Conclusion. The mosaic of ideas in T.S. Eliot, the stream of consciousness in the modern novel and all those extraordinary subtle devices through which the mode novelist and poet have toiled to explore ways in which an individual sensibility can be modulated into an inclusive consciousness, are in the tradition of Whitman. How to escape the prison of the self and cultivate simultaneously self-consciousness and sympathy, using the sense of self-identity as a means of projecting oneself into the identity of others - that is Whitman’s valuable legacy to modern literature. Whitman rises above his defects. The reader forgets “the lesser flaws, the lumbering failures; the illumined phrases bum clear: the pictures, once etched upon the imagination, are there to stay. Above all, the effect remains, an effect not reducible to phrases, a sense of realized power, irresistible and benevolent, immense in affirmation.... Such poetry whatever its lapses, bas the stuff of permanence. It will persist not only because of its rebellious and compelling power, but because the poet has transcended his material. Whitman’s work was larger than die man. He was not boasting when he claimed to contain a multitude. Although Whitman regarded himself as the poet of his own age and his native America, there are poems which are so representative of human nature in all ages that they assume universal significance.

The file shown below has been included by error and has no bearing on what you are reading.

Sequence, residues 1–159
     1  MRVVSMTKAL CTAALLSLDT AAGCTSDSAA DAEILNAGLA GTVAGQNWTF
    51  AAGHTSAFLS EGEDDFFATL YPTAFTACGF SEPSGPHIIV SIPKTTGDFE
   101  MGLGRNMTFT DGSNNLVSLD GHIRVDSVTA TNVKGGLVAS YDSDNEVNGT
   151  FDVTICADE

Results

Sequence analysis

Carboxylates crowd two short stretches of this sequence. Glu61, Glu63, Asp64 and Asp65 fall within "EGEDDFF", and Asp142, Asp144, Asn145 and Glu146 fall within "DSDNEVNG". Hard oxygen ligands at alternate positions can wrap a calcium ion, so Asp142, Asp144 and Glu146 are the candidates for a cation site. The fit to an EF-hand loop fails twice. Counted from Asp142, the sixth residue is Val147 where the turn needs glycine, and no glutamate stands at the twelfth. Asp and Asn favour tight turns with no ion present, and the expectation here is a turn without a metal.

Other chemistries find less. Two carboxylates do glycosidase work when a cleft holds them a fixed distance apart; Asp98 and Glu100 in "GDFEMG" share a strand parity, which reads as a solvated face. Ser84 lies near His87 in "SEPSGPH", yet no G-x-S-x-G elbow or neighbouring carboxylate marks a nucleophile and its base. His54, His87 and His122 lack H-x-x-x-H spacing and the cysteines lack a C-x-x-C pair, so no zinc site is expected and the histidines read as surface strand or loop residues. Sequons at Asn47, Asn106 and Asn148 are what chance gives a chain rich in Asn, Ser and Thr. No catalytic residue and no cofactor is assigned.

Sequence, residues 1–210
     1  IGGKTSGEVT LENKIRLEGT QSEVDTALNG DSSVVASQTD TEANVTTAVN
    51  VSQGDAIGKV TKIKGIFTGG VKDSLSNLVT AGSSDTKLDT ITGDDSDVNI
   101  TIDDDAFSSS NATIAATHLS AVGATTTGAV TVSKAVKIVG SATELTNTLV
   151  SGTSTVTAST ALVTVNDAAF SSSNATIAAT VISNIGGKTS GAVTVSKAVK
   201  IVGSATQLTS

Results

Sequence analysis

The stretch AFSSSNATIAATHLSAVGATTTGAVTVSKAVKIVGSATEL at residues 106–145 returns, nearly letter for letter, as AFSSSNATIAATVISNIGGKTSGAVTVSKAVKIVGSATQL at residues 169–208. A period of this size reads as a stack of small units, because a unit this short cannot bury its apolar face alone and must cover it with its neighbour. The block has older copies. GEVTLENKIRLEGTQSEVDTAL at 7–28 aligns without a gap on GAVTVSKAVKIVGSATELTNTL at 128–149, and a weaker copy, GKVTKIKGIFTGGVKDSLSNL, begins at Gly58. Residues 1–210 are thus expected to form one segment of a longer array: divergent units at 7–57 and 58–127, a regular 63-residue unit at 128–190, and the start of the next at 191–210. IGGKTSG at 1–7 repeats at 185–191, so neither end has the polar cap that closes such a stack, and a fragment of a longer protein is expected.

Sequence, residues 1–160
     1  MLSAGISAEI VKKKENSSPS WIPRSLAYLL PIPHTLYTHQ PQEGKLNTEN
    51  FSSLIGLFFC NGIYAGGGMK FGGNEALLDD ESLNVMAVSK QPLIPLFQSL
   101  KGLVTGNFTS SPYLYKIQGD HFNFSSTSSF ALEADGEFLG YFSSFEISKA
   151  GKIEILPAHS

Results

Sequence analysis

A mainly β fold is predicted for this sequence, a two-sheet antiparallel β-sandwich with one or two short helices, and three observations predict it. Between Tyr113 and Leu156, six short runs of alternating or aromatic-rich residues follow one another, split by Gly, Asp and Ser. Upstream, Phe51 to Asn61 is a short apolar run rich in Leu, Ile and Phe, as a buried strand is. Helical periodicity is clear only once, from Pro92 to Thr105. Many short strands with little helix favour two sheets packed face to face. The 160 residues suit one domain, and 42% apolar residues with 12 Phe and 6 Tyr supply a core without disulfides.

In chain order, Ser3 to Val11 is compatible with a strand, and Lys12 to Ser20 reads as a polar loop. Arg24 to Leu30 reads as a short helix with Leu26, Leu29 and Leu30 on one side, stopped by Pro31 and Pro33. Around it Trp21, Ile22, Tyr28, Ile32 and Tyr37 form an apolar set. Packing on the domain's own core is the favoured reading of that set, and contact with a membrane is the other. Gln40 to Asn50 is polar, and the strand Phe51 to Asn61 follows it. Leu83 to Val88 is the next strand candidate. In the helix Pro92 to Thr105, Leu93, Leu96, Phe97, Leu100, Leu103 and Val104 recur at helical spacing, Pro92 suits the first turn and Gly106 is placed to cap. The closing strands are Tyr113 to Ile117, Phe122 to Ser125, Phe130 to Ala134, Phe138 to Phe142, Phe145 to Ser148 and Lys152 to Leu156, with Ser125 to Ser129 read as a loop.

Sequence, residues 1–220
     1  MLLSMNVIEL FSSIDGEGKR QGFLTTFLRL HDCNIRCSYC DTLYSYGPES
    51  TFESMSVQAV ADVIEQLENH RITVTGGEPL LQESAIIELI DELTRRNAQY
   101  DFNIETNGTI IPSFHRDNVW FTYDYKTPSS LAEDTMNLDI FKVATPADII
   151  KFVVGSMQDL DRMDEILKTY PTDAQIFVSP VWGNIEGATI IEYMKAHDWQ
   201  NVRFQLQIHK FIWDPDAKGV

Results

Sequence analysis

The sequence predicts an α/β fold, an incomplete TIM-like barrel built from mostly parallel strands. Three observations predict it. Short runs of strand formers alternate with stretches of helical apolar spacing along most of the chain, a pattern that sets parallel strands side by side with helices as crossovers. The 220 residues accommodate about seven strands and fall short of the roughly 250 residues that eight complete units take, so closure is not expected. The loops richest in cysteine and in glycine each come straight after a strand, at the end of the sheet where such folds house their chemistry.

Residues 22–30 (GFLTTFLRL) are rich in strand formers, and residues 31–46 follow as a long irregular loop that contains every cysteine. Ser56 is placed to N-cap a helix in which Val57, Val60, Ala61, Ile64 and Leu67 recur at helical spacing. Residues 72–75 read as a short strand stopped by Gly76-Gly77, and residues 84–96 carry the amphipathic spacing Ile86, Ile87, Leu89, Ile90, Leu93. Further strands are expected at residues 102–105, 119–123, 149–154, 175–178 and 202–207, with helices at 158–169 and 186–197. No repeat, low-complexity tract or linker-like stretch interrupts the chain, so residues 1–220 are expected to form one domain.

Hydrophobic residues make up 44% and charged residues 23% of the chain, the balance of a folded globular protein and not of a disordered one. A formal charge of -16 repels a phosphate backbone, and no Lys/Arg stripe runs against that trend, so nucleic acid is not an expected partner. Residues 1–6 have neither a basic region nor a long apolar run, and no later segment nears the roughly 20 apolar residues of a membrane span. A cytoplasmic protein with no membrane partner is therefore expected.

University Questions

A General Estimate of Whitman as a Poet of Merits
Assess Whitman’s contribution to American poetry.
How far do you agree that “Whitman was chiefly a propagandist and only afterward a poet.”
Do you regard Whitman as a great poet? Give reasons for your answer.